After the British took control in 1882, Egypt experienced rapid economic growth. This attracted numerous immigrants, including no small number of Jews. Their presence helped to revitalize the Egyptian Jewish community—which dates back to several centuries before the common era—and led to the development of a thriving press, as Ovadia Yerushalmi writes:
The end of World War I brought about a golden age of Egyptian journalism. . . . Jews produced more periodicals than any other minority in Egypt. [Of the country’s 90 Jewish-owned periodicals], two-thirds targeted Jewish audiences. Most of these were written in French, but others appeared in Judeo-Arabic, Yiddish, and Ladino. [The additional third] were marketed to the general Egyptian public.
One of the most important Jewish newspapers in Egypt was L’Aurore (The Dawn). Its owner and founding editor was Lucien Sciuto (1886-1947), a writer and educator who had originally founded L’Aurore in Istanbul. Conflicts with the leaders of the local Jewish community there led to its closure, and in 1919 Sciuto emigrated to Egypt, [bringing L’Aurore with him]. The paper was published in Cairo from 1924 to 1941.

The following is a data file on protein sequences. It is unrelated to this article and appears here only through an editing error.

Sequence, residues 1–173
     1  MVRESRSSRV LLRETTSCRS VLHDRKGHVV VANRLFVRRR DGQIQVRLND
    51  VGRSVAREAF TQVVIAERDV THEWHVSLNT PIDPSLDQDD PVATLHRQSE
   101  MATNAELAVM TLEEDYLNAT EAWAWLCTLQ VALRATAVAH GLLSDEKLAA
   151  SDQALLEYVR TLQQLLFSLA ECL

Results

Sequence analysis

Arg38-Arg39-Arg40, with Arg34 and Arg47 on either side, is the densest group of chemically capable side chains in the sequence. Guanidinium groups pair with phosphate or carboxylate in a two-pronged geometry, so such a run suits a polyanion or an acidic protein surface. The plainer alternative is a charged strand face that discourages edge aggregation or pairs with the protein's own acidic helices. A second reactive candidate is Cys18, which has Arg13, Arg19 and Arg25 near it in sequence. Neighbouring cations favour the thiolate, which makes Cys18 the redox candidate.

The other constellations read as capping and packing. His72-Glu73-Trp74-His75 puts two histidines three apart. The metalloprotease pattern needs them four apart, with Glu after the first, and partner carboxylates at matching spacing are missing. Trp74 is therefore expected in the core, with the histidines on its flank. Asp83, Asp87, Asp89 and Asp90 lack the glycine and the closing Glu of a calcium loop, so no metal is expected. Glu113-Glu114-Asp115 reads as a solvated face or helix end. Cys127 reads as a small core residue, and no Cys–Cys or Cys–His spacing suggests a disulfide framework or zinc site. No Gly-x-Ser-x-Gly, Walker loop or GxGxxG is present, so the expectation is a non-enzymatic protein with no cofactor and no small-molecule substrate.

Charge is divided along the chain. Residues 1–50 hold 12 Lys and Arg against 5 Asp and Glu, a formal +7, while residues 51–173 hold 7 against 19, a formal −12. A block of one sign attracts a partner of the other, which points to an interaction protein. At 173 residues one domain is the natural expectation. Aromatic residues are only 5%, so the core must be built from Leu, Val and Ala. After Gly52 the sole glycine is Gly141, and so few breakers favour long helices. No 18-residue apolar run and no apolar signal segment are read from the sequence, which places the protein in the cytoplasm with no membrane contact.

The weekly newspaper, characterized by its pro-Zionist stance, covered many areas of interest—religious affairs, local Jewish community leaders, relations with world Jewry and with the Jewish community of Mandatory Palestine, and relations with the Egyptian regime. In addition, the paper published articles translated from newspapers in Mandatory Palestine; starting in 1938, it even included a page written in Italian.
L’Aurore . . . was not afraid to criticize the heads of the local rabbinate and of the Egyptian Jewish community. It was also the first Jewish Egyptian newspaper to send reporters into the field . . . and carry out investigative journalism to expose the reader to the deficiencies of the local Jewish leadership.